Non-ASME vessels are usually designed to the same standards but they do not have the amount of testing nor are the records of those tests kept by the ASME. The inspections are usually not done by or witnessed by a National Board certified inspector.
 
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Old 09-03-14, 12:21 PM
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I can see that at high pressures. I would think that 2psig or less would be needed to see if the boiler is leaking.
 
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Old 09-03-14, 12:50 PM
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Do as you choose, but don't say we didn't warn you.

I once broke a finger when it was hit by a piece of ice that came flying out of a frozen pipe that was under about 10 PSI of ... yes ... air pressure ... I would not underestimate even the energy that can be contained in 2 PSI of air.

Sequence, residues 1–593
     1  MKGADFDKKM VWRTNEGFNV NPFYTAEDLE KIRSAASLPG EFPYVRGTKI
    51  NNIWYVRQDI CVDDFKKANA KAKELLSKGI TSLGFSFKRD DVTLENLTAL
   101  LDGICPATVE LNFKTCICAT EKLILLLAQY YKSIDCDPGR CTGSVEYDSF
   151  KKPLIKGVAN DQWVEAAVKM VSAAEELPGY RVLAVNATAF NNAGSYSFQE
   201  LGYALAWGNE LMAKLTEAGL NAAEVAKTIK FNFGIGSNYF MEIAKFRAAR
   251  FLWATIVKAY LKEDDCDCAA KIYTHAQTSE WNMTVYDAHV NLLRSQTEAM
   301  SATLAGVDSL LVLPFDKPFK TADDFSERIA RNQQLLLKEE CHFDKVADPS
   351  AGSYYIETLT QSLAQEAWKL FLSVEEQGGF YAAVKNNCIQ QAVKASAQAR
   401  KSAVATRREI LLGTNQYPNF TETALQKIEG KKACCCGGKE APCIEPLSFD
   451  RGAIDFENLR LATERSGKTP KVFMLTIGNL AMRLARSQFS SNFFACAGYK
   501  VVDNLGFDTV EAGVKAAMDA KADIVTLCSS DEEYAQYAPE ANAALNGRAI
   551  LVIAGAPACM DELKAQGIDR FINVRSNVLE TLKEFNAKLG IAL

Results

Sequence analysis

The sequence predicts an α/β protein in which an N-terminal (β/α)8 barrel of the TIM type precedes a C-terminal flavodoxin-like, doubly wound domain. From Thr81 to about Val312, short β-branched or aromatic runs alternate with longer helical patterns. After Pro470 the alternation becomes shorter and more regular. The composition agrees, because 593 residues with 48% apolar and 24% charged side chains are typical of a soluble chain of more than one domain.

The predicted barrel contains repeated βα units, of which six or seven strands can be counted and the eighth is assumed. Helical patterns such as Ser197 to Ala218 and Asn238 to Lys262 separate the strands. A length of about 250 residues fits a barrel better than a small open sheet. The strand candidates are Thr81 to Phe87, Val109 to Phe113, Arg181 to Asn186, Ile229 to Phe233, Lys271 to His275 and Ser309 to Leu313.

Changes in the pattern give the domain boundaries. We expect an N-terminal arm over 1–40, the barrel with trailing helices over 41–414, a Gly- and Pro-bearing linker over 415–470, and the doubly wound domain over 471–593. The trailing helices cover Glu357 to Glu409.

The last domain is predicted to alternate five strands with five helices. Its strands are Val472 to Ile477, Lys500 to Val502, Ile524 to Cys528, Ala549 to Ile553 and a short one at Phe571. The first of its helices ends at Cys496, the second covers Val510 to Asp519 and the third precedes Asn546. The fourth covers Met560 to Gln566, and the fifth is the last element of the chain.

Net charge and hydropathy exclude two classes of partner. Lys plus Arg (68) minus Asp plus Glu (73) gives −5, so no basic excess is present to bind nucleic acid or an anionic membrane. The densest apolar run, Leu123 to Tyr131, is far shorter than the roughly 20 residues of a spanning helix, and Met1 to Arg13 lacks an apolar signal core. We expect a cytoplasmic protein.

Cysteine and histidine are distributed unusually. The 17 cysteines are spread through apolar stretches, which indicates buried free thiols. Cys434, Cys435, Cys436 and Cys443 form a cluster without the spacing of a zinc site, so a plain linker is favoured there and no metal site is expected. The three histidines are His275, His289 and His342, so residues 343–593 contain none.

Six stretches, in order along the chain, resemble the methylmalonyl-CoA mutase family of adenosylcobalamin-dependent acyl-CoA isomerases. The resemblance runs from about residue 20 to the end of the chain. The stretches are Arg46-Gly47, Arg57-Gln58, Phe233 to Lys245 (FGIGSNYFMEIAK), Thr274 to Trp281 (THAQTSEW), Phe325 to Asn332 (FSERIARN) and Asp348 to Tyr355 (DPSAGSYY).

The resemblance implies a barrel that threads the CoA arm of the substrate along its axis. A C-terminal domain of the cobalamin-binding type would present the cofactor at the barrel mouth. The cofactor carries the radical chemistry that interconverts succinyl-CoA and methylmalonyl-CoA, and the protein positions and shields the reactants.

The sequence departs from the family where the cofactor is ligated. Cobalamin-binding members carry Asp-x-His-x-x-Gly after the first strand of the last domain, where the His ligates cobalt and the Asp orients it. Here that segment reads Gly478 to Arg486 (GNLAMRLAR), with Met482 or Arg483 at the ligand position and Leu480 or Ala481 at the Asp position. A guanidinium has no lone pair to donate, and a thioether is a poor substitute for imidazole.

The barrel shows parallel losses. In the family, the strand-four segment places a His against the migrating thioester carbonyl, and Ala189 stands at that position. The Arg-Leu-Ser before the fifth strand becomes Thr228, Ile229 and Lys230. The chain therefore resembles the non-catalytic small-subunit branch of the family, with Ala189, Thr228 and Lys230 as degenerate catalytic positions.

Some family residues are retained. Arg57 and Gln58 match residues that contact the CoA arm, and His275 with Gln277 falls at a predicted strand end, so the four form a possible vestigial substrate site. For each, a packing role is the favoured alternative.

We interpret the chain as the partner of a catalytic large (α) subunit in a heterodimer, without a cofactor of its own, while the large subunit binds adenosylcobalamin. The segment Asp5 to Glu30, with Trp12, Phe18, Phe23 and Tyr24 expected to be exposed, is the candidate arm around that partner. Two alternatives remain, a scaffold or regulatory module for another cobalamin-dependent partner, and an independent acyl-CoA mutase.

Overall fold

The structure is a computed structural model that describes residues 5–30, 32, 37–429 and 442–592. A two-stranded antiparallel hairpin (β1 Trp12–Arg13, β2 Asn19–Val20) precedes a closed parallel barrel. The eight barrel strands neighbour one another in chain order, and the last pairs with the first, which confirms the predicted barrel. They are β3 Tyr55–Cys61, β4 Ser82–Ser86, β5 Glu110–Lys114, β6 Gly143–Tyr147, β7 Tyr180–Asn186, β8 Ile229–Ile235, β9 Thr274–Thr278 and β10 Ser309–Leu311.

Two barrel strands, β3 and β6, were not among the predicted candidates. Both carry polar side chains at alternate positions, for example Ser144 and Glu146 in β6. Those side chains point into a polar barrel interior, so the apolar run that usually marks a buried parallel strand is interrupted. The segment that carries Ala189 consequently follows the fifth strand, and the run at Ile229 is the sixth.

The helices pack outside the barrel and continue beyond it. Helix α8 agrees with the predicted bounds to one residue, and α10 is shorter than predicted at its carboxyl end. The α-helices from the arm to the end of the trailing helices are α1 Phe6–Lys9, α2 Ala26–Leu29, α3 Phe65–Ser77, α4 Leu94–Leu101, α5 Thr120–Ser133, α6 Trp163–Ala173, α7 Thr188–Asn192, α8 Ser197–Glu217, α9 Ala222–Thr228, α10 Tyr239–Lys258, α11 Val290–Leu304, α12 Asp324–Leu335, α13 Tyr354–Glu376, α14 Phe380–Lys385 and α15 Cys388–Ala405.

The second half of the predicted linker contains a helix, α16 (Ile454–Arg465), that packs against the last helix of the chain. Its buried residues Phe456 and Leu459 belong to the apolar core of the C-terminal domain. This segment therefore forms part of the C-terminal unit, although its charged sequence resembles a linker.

So, what do you intend to do? Pump it up and listen for the 'hisssss' ? Good luck.

If you put a gauge on it, and let it sit, do you think that you will be able to tell the difference between a temperature change and a leak?
 
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Old 09-03-14, 04:30 PM
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Non-ASME vessels are usually designed to the same standards but they do not have the amount of testing nor are the records of those tests kept by the ASME. The inspections are usually not done by or witnessed by a National Board certified inspector.
If it's me standing next to the compressor, I would feel more comfortable if it's an ASME tank. But, at my advanced age, I'm at a much higher risk of dying from many other causes besides being shredded by my exploding portable compressor.

Likewise, hot-water heating boilers. Most are ASME stamped, like my 60-year-old unit - which is maybe why they last so long and seldom, if ever, explode.